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Before trick-or-treating, commercialization and block parties, Halloween was rooted in Celtic religion

Trick-or-treating, pumpkin carving and dressing up in costumes are activities nearly all Americans think of when the Halloween season rolls around, but the celebration had a different start. 

Halloween was originally a Celtic festival called Samhain, which started more than 2,000 years ago in what is now Ireland, the United Kingdom and northern France. The festival, which was held Nov. 1, was a way to mark the new year and the end of summer and the harvest. The Celts believed that on Oct. 31, the boundary between the living and the dead was the thinnest and ghosts could return to earth. 

“People would leave gifts to the fairies so they wouldn’t mess with their livestock,” Brian Collins, an associate professor of classics and world religions, said.  

Along with leaving gifts, Celts would sacrifice animals to the gods, Collins said. 

Many people don’t believe in the darker origin stories of the holiday, but it was confirmed that Celts did practice human sacrifice, according to USA Today

James Frazer was a key player in popularizing stories of Samhain, Collins said. In Frazer’s book The Golden Bough, he studied ancient cults and myths. 

“He popularized the idea that Samhain was a feast for the dead,” Collins said. 

The holiday has changed drastically over the years. It wasn’t until about the early to mid-19th century that Halloween became what it is today. 

Ghost stories were also told more around Christmas because of the shorter days, Collins said. 

“Short days is when people thought ghosts were about,” Collins said. 

Collins believes people like Halloween because it allows them to feel something outside of themselves.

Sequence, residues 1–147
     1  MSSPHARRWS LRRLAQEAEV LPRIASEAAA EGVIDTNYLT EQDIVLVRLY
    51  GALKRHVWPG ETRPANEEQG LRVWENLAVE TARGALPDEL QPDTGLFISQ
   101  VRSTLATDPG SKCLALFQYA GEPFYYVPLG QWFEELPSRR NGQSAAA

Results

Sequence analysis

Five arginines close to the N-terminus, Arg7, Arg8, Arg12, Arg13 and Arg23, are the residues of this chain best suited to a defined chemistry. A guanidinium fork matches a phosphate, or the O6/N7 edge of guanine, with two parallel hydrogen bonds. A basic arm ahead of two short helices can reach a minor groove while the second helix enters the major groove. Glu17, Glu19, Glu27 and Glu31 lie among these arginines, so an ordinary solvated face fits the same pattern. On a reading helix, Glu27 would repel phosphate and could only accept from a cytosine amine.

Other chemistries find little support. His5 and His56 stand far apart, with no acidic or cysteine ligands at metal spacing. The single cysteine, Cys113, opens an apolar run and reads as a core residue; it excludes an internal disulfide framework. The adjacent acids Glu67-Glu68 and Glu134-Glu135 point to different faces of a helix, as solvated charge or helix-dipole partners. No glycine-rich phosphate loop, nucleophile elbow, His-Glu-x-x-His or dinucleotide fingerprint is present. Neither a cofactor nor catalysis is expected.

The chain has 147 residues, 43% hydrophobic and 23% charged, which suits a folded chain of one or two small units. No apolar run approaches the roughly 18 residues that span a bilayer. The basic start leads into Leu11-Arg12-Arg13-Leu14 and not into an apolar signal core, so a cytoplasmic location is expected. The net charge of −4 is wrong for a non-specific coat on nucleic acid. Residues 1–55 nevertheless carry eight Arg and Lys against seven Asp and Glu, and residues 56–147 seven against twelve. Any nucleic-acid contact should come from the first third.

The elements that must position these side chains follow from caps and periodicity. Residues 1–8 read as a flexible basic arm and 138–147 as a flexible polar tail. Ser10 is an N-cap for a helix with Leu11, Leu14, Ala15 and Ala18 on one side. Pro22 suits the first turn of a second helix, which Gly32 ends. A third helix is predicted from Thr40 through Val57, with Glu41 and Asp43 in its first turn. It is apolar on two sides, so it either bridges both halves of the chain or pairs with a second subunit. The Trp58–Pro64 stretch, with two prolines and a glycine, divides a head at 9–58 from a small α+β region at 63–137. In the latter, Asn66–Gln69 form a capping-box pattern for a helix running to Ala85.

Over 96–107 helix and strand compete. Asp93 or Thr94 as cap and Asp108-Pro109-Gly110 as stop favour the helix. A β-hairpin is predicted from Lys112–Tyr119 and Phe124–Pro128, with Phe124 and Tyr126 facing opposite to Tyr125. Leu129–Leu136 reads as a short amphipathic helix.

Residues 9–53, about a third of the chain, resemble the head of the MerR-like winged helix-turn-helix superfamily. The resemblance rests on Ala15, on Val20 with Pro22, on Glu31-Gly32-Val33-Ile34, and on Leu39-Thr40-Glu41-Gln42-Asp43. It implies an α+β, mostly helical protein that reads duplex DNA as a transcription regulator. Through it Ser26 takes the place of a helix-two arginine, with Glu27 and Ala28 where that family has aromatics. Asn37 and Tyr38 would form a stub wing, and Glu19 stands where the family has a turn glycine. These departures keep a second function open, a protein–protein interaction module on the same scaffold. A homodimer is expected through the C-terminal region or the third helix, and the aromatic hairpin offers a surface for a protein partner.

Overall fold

“I think that the urge to feel fear is like the urge to feel something outside of yourself,” Collins said. “(It’s) the same impulse to have religion, to feel something like transcendence.”

Although its origins are in Europe, Halloween is widely celebrated by Americans — more than 175 million are expected to celebrate Halloween this year, according to the National Retail Federation

Manon Rondeau, a graduate student studying English, said her village in France does not celebrate Halloween like Americans do.

“We do (celebrate Halloween), but it’s very small,” Rondeau said. “We consider it to be an American celebration.”

Halloween is almost only celebrated by children, Rondeau said, but not many go trick-or-treating. Adults rarely celebrate it, and if they do, it’s just getting together with friends to eat food. 

The costume choices in France are much more strict, Rondeau said. People strictly dress up as something scary as opposed to a pop culture icon. 

“The typical costumes are scary ones, so skeletons, witches, ghosts,” Rondeau said. “You cannot dress up as a cowboy or a nurse. It has to be a scary thing.” 

For people in her village and in France overall, Rondeau said Halloween is linked to being a scary holiday, so people always follow the theme. Jack Skellington from The Nightmare Before Christmas is a popular costume. 

When she first experienced Halloween in the U.S., Rondeau was surprised and overwhelmed. 

“I was a bit puzzled,” Rondeau said. “I did not expect to see so many people in the street and drinking and partying like crazy.”

When Rondeau’s friends and family saw she participated in the Halloween celebration, they asked her a lot of questions about what it was like. After she told them it was going to a bar and celebrating, they said it just seemed like a regular party but with costumes. 

“They asked what I did and if I went to one door to the next to get candy because they think that everyone is like a kid,” Rondeau said. 

Another typical Halloween tradition that is not popular in France is carving pumpkins. When Rondeau carved her own pumpkin here in Athens, she did enjoy it.

“No one in my village really ever carved pumpkins. It’s not something we do,” Rondeau said. “I might do it in France.”


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